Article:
When it comes to modern dance, the art form can serve as a medium to inspire, entertain or illuminate subject matter with heavy-hitting effect. New York’s Paul Taylor Dance Company (PTDC) plans to do the latter in honor of military veterans by blending two iconic dance ensembles into one for the first time. They’ll debut “American Spirit” at the Wilson Center this week. “In this performance, we aren’t here to show you art but [impart] a message,” says Sean Mahoney, a dance member with PTDC.
Mahoney, 42, has danced with the world-renowned PTDC since early adulthood. In “American Spirit,” the performance art will focus on war and how it affects military families. The company has partnered with Folded Flag Foundation, a federally recognized nonprofit organization, that helps continued education via scholarships and grants for families of military service members or government personnel who have died in combat.
Both dances in the performance were choreographed by dance-company founder Paul Taylor, who has been a stalwart in the business since 1954. “American Spirit” makes up two dances: “Promethean Fire” is a testament to the resilience of the modern American spirit after the 9/11 tragedy, while “Company B” portrays the societal reactions to World War II. Though completely independent works, the two time periods generate distinct contrasts about how Americans have handled war throughout history.
Mahoney, who is performing in “American Spirit,” says the audience will not have the message spelled out for them but will need to uncover the meaning in accord to their own perspectives.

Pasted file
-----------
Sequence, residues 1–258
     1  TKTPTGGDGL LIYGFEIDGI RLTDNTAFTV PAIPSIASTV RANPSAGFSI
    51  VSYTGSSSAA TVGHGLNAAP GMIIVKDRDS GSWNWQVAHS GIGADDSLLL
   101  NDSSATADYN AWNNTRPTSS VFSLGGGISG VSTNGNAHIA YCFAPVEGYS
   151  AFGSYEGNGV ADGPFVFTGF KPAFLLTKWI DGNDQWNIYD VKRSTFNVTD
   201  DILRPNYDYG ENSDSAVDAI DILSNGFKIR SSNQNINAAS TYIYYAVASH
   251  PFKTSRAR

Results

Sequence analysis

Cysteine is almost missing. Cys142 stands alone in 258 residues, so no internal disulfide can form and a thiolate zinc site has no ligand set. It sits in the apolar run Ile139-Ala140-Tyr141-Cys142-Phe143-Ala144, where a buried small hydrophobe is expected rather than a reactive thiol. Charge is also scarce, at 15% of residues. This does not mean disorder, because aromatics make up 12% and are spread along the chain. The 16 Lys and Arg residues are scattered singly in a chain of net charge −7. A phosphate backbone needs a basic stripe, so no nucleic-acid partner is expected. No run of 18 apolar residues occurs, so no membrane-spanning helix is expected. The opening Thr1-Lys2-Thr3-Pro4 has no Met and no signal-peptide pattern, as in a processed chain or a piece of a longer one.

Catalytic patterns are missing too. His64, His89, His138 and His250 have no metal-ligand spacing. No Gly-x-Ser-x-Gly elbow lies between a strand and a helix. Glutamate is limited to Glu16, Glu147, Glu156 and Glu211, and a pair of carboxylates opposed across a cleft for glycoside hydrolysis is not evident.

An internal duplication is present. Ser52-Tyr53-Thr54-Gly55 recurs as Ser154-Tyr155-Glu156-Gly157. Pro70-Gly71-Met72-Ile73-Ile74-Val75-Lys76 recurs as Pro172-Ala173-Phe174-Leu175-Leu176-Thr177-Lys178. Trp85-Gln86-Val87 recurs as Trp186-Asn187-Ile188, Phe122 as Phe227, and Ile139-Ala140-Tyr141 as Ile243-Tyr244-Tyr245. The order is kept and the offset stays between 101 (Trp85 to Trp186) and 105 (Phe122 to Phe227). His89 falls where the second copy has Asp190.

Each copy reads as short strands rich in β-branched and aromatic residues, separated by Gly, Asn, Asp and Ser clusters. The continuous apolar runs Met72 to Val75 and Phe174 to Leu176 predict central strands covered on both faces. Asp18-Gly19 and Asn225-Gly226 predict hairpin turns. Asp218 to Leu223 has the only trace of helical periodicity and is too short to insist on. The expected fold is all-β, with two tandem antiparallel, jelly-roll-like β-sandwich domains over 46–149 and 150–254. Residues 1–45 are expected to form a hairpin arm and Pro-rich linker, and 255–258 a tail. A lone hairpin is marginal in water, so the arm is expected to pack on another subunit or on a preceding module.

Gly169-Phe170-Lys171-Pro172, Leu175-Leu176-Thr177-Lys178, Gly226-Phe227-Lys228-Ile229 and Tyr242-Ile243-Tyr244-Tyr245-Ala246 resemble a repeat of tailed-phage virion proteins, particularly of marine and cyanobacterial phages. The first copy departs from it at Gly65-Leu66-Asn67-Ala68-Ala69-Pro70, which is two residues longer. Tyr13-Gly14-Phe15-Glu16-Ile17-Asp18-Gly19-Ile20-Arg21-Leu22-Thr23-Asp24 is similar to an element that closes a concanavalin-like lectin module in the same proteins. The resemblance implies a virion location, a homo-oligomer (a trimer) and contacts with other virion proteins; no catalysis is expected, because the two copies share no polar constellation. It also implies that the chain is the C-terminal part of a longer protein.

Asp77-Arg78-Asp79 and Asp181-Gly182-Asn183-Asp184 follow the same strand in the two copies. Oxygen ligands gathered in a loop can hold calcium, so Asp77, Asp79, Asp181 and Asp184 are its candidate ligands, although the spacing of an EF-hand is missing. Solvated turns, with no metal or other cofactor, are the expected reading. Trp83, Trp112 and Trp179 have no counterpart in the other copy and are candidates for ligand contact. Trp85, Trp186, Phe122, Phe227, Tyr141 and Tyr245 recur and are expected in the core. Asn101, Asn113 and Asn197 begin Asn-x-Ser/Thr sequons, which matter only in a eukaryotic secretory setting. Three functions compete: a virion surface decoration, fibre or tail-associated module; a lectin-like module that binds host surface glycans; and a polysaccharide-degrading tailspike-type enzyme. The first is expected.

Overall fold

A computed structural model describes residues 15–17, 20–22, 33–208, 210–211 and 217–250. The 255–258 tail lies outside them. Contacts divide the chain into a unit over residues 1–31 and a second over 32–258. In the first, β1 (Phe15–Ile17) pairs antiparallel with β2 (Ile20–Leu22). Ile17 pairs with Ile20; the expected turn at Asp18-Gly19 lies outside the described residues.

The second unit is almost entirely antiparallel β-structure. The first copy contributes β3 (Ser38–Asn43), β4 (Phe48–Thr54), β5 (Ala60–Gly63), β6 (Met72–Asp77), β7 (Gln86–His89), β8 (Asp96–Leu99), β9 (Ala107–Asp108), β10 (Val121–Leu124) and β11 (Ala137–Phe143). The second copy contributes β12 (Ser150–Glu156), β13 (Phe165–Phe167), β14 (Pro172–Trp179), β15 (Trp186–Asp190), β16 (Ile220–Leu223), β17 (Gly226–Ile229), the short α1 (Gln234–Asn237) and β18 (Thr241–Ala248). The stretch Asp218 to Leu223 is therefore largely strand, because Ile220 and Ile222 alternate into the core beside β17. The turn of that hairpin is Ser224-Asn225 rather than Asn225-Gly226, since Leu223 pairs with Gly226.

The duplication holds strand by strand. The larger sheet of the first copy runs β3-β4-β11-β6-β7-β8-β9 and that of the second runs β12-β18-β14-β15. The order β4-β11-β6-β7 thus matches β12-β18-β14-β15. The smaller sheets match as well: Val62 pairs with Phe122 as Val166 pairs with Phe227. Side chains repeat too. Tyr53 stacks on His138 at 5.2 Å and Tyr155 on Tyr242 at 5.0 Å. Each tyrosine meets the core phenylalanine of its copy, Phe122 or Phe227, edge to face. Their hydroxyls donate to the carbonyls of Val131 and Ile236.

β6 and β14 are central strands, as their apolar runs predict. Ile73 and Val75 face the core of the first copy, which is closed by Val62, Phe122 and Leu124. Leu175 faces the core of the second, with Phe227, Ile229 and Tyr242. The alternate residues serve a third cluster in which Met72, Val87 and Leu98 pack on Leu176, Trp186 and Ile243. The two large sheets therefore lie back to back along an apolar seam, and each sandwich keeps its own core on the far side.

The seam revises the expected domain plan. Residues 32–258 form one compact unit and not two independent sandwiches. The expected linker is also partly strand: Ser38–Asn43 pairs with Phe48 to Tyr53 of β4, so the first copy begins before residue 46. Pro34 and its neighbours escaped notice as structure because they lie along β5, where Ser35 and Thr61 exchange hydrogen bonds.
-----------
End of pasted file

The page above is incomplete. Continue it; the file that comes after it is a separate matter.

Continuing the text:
“That’s the magic of Paul’s choreography,” he says. “The audience is forced to analyze and uncover what the performance means. Paul is very poetic and tells poetry with movement.”
Taylor, whose work includes visual and musical elements, choreographed the pieces to function independently in the company’s tours. “Company B” is a series of 4- to 5-minute vignettes, in total running 20 minutes. It is set to the Andrew Sisters, best known for their 1941 hit “Boogie Woogie Bugle Boy,” and who entertained troupes worldwide during World War II. Each scene in “Company B” is told via abstract movement.
“In the opening duet, there is a couple doing a maniacal polka dance in front of the silhouettes of men being shot and killed,” Mahoney says. “It shows a juxtaposition of what happens during war time; there are people doing their best to stay positive during hard times.”
Mahoney admits some of the scenes are challenging for him—because his character is merely a memory. It’s a role which requires him to remain emotionally distant from his partner who is distraught. In the final duet, Mahoney must ignore his partner’s sorrowful gazes, and fight his natural inclination to offer a supportive shoulder.
“I have to look past her the whole time, as if she’s not there,” Mahoney notes. “I want to be able to engage, but I have to fight the urge to do [so]. It’s very difficult to act, like I’m not there when I must be a 100 percent present.”